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Say I have a set $\{E_1, ... ,E_n\}$ of independent events of a sample space $\Omega$. I want to show independence of any partition of $\{E_1, ... ,E_n\}$, by which I mean a set $\{P_1,...,P_m\}, 2\leq m \leq n $, with $P_j = \bigcup\limits_{i \in I_k} E_i , I_k \subset \{1,...,n\} $ and no two $E_i$ appear in the same union and no $E_i$ appears in more than one (a.k.a each $E_i$ appears in exactly one union, or $I_k \cap I_j = \emptyset,\cup I_l = \{1,...,n\}$). Now I want to show that the $P_j$ are independent events.

The intuition here is that if knowledge of any event in $\{E_1, ... ,E_n\}$ or any intersection thereof happening won't tell me anything about the probability of any other event in $\{E_1, ... ,E_n\}$ happening, then likewise knowledge of any union of events in $\{E_1, ... ,E_n\}$ or intersections of these unions won't tell me anything about the probability of another union of $\{E_1, ... ,E_n\}$.

My best guess is to show that the complements of the $P_j$ are independent. That's not hard to show, in fact, since $P_j^c = (\cup E_i)^c= \cap E_i^c$ and the $\cap E_i^c$ are independent. Am I on the right track here?

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  • $\begingroup$ You are on a good track. Do you want to show that the $P_{j}$'s are independent for every pair or that they are jointly independent? $\endgroup$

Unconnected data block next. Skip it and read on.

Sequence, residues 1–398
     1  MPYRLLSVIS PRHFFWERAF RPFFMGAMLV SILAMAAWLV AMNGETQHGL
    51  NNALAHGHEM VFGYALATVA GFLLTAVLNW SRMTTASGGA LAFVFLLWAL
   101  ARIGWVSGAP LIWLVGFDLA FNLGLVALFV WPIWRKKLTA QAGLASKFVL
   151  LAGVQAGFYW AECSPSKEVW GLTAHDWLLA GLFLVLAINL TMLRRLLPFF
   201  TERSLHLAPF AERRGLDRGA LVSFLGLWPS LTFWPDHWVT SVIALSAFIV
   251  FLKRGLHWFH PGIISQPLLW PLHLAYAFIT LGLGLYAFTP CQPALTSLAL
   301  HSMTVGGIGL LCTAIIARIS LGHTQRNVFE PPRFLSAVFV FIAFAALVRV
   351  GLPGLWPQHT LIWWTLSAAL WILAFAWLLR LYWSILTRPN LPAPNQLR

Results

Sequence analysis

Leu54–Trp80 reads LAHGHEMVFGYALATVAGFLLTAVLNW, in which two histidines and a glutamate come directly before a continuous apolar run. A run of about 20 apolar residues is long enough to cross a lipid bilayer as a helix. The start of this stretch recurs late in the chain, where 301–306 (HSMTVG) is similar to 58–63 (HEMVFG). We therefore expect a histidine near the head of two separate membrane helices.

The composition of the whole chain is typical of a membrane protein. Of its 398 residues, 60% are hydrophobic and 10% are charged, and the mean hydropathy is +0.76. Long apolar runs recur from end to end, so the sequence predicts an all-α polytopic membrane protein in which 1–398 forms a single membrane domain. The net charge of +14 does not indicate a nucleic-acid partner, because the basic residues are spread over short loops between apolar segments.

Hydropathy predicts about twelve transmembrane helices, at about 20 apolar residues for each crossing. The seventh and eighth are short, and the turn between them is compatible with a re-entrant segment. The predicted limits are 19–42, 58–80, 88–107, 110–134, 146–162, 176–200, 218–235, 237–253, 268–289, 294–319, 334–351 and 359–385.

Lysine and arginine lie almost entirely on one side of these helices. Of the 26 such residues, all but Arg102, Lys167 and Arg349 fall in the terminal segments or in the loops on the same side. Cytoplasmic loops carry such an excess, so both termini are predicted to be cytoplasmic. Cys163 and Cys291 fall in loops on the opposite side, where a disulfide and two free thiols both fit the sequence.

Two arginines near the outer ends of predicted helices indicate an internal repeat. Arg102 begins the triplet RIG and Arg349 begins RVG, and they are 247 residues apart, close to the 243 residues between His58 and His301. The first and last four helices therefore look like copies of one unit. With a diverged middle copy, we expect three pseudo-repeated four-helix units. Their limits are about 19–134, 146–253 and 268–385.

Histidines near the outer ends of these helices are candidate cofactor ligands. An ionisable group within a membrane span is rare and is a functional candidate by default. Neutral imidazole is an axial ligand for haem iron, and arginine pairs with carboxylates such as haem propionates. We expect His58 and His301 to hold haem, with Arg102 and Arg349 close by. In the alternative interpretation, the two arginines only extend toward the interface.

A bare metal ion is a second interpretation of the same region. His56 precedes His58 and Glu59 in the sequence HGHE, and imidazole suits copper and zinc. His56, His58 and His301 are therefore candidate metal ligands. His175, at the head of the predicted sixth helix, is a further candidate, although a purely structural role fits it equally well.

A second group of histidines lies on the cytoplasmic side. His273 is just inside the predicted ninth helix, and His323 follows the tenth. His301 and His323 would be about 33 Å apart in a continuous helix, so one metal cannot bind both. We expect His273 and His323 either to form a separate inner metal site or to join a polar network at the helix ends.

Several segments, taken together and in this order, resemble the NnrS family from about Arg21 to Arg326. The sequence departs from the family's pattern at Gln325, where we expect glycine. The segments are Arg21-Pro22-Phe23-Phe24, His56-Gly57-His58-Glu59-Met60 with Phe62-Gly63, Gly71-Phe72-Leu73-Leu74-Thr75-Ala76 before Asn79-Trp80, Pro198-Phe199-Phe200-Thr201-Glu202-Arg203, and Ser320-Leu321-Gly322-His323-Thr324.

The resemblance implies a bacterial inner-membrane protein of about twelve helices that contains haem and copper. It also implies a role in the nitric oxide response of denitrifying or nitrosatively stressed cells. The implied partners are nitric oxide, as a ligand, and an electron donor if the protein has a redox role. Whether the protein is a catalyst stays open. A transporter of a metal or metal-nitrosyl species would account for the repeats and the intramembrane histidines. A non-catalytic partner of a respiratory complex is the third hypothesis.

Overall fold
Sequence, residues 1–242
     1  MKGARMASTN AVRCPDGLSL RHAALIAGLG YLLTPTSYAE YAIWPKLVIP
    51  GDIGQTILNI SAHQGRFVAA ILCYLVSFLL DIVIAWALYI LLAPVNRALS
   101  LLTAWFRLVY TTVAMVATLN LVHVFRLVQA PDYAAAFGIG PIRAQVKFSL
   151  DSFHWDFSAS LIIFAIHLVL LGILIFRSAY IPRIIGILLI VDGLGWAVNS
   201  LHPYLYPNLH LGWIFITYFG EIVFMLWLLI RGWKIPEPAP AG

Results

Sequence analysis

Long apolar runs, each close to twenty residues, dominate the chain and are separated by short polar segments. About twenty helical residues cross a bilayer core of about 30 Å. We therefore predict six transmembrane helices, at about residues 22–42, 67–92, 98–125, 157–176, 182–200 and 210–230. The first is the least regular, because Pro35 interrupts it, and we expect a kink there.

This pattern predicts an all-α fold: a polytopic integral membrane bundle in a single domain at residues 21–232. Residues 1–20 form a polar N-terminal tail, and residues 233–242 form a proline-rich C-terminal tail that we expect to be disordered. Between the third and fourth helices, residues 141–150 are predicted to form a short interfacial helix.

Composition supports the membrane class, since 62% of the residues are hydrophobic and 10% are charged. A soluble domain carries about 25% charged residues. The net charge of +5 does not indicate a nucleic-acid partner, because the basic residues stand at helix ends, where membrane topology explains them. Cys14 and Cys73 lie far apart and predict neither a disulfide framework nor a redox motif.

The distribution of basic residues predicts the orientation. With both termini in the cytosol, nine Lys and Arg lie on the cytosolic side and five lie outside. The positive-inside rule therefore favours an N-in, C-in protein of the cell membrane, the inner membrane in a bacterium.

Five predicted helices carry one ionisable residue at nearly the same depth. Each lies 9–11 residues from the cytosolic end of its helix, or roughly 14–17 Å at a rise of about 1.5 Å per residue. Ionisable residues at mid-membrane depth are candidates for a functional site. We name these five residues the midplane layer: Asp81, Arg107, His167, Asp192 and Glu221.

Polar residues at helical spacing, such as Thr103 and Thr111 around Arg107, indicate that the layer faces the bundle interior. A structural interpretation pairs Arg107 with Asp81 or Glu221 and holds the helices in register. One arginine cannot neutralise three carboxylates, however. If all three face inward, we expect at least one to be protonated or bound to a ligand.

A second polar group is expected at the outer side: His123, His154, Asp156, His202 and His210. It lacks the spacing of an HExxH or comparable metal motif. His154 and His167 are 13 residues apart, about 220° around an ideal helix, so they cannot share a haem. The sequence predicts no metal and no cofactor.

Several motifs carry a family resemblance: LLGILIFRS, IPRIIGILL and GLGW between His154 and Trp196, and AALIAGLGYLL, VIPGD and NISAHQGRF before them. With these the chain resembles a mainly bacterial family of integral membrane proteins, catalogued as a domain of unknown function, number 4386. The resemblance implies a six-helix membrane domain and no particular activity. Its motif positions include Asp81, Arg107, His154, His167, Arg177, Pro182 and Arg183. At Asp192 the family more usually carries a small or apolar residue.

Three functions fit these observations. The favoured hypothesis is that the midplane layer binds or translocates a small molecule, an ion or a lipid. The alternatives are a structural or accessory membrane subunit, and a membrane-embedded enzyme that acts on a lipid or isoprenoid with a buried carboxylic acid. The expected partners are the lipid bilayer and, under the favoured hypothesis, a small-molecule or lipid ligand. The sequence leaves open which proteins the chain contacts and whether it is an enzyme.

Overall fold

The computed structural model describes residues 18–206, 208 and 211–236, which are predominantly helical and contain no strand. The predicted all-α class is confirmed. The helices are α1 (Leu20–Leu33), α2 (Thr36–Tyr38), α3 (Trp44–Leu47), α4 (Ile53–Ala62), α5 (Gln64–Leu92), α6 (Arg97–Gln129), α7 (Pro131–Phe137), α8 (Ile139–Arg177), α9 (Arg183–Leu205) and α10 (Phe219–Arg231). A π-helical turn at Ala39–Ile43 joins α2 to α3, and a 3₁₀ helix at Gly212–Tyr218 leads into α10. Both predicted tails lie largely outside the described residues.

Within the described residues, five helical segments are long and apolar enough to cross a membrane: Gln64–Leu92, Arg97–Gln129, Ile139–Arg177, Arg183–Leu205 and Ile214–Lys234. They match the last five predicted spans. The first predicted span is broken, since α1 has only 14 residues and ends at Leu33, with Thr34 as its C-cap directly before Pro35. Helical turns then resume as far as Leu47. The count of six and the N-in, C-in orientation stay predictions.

– madprob
    Nov 7, 2017 at 19:42
  • $\begingroup$ jointly independent, not just pairwise $\endgroup$
    – ghthorpe
    Nov 8, 2017 at 5:58

1 Answer 1

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We want to show that, for any choice of $ P_i = E_{i_1} \cup \cdots \cup E_{i_n} $ and $P_j = E_{j_1} \cup \cdots \cup E_{j_m}$, that

$\mathbb{P}(P_i \cap P_j) = \mathbb{P}((E_{i_1} \cup \cdots \cup E_{i_n}) \cap (E_{j_1} \cup \cdots \cup E_{j_m})) = \mathbb{P}(P_i)\mathbb{P}(P_j) $

From set theory,

$$ (E_{i_1} \cup \cdots \cup E_{i_n}) \cap (E_{j_1} \cup \cdots \cup E_{j_m}) = (E_{i_1} \cap E_{j_1}) \cup (E_{i_1} \cap E_{j_2}) \cup \cdots \cup (E_{i_n} \cap E_{j_m})$$ $$ = \bigcup_{k=1}^n \bigcup_{a=1}^m (E_{i_k} \cap E_{j_a}) $$

$$ \mathbb{P}(P_i \cap P_j) = \mathbb{P}\left( \bigcup_{k=1}^n \bigcup_{a=1}^m (E_{i_k} \cap E_{j_a}) \right) $$

Now use the fact that $ \mathbb{P}(A \cup B) = \mathbb{P}(A) + \mathbb{P}(B) - \mathbb{P}(A \cap B) $, and further that $ \mathbb{P}(A \cup B \cup C) = \mathbb{P}(A) + \mathbb{P}(B) + \mathbb{P}(C) - \mathbb{P}(A \cap B) - \mathbb{P}(A \cap C) - \mathbb{P}(B \cap C) + \mathbb{P}(A \cap B \cap C)$

This gives $ \mathbb{P}(P_i \cap P_j) $ as a double sum subtract two triple sums plus a quadruple sum.

Observe that $$ \mathbb{P}(P_i) = \mathbb{P}(E_{i_1} \cup \cdots \cup E_{i_n}) = \sum_{k=1}^n \mathbb{P}(E_{i_k}) - \sum_{k=1}^n \sum_{l=1}^{k-1} \mathbb{P}(E_{i_k})\mathbb{P}(E_{i_l}) $$

(using the independence of the $E$ events) and taking the product of two of these (with different indices) gets exactly the expression for $ \mathbb{P}(P_i \cap P_j) $.

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  • $\begingroup$ This is independence of two events. The question asks for the independence of the whole family of events $(P_m)$. $\endgroup$
    – Did
    Nov 7, 2017 at 22:06
  • $\begingroup$ could it be used as an induction base case for the full proof though? $\endgroup$
    – ghthorpe
    Nov 8, 2017 at 6:00

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